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Background

I'm using Lua with luaglut to do some OpenGL stuff. The luaglut API is almost identical to the gl/glut C APIs. Sometimes, gl functions want a pointer to some data, for example:

glTexImage2D(GL_TEXTURE_2D, 0, GL_RGBA, width, height, 0, GL_RGBA,
    GL_UNSIGNED_BYTE, oh_crap_a_pointer)

In these cases, the luaglut bindings take a light userdata containing the pointer. In the luaglut demos, a small example library called memarray does the work of setting up a C array and returning a pointer to it as a light userdata.

You might use "memarray" something like this:

require 'memarray'
function loadTexture(filename)
  local file = assert(io.open(filename, 'rb'))
  local data = file:read('*a')
  file:close()
  local array = memarray('uchar', #data)
  array:from_str(data)

  return array
end

-- ... later

local texture = loadTexture('whatever.rgba')
glTexImage2D(GL_TEXTURE_2D, 0, GL_RGBA, 32, 32, 0, GL_RGBA,
    GL_UNSIGNED_BYTE, texture:ptr())

That got me thinking, why do we need memarray at all? Lua strings should be binary safe; all we really need is to get a pointer to the string returned from file:read('*a') as a light userdata. It would look something like this:

function loadTexture(filename)
  local file = assert(io.open(filename, 'rb'))
  local data = file:read('*a')
  file:close()

  return data
end

-- ... later

local stringpointer = require 'stringpointer'
local texture = loadTexture('whatever.rgba')
glTexImage2D(GL_TEXTURE_2D, 0, GL_RGBA, 32, 32, 0, GL_RGBA,
    GL_UNSIGNED_BYTE, stringpointer.get(texture))

Of course we pass the string around instead of the pointer, because the GC could free the memory the string was in if there are no more references to it, invalidating the pointer. Internally Lua strings are immutable and passed by reference anyway, so this is no big deal.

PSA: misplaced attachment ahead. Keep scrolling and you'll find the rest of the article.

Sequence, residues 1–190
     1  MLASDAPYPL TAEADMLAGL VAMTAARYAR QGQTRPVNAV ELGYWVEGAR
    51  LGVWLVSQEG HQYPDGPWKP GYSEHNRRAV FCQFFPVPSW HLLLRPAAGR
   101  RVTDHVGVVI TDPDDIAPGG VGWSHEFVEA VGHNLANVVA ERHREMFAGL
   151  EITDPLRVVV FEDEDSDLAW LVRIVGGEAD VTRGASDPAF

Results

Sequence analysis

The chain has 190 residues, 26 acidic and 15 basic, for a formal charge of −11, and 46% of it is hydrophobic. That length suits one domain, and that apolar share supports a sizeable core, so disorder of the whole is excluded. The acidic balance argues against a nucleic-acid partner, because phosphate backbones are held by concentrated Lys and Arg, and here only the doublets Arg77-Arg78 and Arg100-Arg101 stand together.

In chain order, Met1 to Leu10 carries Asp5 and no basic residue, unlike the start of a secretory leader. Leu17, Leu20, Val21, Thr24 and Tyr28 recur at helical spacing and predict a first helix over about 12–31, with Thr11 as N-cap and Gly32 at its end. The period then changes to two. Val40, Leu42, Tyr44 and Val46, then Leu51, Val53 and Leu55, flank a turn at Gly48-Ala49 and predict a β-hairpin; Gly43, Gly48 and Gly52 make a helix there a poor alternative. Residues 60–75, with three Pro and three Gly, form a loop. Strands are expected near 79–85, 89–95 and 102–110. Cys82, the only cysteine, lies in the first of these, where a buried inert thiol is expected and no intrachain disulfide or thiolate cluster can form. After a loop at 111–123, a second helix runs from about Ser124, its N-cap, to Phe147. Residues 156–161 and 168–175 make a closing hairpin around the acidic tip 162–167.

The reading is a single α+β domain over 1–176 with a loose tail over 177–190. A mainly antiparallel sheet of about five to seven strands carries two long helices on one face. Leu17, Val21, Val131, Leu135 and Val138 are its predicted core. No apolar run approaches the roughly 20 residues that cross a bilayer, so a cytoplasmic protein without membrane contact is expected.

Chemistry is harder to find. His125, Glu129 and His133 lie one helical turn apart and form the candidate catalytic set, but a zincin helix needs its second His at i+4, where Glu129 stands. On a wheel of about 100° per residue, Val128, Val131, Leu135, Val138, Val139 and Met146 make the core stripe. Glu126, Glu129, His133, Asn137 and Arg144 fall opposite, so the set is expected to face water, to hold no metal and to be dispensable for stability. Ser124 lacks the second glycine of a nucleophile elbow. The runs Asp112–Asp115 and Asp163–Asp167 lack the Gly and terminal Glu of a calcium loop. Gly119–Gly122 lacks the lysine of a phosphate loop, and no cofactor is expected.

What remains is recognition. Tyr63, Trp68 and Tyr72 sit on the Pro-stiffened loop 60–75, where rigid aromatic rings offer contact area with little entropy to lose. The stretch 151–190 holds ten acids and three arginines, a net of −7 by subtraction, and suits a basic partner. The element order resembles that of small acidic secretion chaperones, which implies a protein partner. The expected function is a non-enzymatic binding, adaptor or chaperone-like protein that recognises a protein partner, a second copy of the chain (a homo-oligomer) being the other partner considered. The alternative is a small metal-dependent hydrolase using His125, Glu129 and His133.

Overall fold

Code

#include <lua.h>
#include <lualib.h>
#include <lauxlib.h>

int get_pointer(lua_State *L)
{
    luaL_checktype(L, 1, LUA_TSTRING);
    lua_pushlightuserdata(L, (void *)lua_tostring(L, 1));
    return 1;
}

int luaopen_stringpointer(lua_State *L)
{
    const luaL_Reg api[] = {
        {"get", get_pointer},
        {NULL, NULL}
    };

#if LUA_VERSION_NUM == 501
    luaL_register(L, "stringpointer", api);
#else
    luaL_newlib(L, api);
#endif

    return 1;
}

It's really tiny, but my C is rusty so maybe I did something stupid. It seems to work fine so far. Any input is welcome.

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  • \$\begingroup\$ Is there a reason why int get_pointer(lua_State *L) and int luaopen_stringpointer(lua_State *L) are not void functions? I cannot tell from the context if they have to return ints or not. \$\endgroup\$ – bazola Sep 5 '14 at 18:59
  • \$\begingroup\$ @bazola the int returned from get_pointer is the number of return values it gives when you call it from Lua. That means return the last thing on the stack, the lightuserdata pushed on the line before. \$\endgroup\$ – Dagg Sep 5 '14 at 19:28
  • \$\begingroup\$ luaopen_stringpointer is the function Lua looks for when you require 'stringpointer'. The return value means the same thing there, it returns one value, a table containing a "get" function. \$\endgroup\$ – Dagg Sep 5 '14 at 19:30
  • \$\begingroup\$ What does glTexImage2D do with the string data passed to it? Does it own it? Does it free it? Does it use it immediately? Does it use it at some, unspecified, later date? \$\endgroup\$ – Etan Reisner Sep 19 '14 at 22:26
  • \$\begingroup\$ @EtanReisner It copies the data and uses that copy later. It doesn't attempt to free the memory at the pointer you pass in. It's not really string data, it's in a somewhat arbitrary format described by the rest of the arguments. \$\endgroup\$ – Dagg Sep 20 '14 at 0:01
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I'm no Lua expert, but I can at least give you a pointer (no pun intended) about your C code.

Your get_pointer function looks like it works fine, but it could be made even more concise! Lua provides a luaL_checkstring function that combines luaL_checktype and luaL_tostring. Therefore, you could just do this:

int get_pointer(lua_State *L)
{
    lua_pushlightuserdata(L, (void *) luaL_checkstring(L, 1));
    return 1;
}
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